Ten joints with flush-driven nails and 10 joints for each overdriven nail depth (1.6, 3.2, and 4.8 mm) were assembled.
Three joints with flush-driven nails, one joint with 3.2 mm overdriven nail, and two joints with 4.8 mm overdriven nails did not fail.
Only 20 percent of the joints with flush-driven nails and 20 percent of joints with 1.6 mm overdriven nails failed due to low-cycle fatigue.
peak load of joints decreases with increasing overdriven nail depth;
Stiffness increased 9,20, and 21 percent for joints with cooler nails overdriven 1/16, 1/8, and 3/16 inch, respectively, compared to the stiffness of joints flush driven with cooler nails.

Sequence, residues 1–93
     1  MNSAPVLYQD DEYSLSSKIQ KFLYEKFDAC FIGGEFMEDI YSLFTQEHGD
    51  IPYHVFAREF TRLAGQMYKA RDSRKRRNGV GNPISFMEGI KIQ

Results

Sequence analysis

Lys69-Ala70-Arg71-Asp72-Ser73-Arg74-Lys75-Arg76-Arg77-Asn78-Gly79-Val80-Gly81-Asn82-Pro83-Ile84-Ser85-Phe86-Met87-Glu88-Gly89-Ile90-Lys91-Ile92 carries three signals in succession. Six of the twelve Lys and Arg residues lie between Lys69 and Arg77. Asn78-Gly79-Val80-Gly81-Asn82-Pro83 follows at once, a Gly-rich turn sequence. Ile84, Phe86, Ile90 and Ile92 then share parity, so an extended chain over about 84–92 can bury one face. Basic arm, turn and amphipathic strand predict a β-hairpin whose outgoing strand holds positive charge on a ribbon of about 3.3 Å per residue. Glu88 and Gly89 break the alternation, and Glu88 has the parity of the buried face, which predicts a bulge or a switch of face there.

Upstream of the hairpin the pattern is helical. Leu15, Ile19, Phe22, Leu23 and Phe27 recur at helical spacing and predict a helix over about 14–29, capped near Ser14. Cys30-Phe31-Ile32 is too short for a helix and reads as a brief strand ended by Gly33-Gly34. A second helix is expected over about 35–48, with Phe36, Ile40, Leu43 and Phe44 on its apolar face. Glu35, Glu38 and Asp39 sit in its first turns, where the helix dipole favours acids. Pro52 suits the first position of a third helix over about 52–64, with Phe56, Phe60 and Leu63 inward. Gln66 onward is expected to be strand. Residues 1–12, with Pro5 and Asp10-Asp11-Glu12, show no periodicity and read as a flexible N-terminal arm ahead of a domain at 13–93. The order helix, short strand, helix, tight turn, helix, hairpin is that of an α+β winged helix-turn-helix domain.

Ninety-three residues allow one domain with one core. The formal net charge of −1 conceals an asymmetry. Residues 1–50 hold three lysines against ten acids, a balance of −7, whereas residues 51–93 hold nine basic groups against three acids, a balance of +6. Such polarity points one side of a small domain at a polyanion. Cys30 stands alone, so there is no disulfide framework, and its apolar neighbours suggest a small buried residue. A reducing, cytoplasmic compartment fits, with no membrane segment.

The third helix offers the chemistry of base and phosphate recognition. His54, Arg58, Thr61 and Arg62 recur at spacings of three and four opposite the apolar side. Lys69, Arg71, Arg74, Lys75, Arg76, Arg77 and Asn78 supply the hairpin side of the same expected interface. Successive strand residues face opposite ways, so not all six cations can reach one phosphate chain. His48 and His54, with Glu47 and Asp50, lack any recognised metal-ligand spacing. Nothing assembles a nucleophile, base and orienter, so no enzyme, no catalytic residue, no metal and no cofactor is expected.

Joints with cooler nails overdriven 1/16 inch and 1/8 inch do not experience any reduction in strength, while joints overdriven 3/16 inch exhibit an approximately 12 percent reduction in strength.
The theoretical strength is reasonably close to the measured strength for joints flush driven or overdriven 3/16 inch.
The data indicate that ultimate loads are reached at smaller critical displacements for joints overdriven with cooler nails compared to joints flush driven with cooler nails.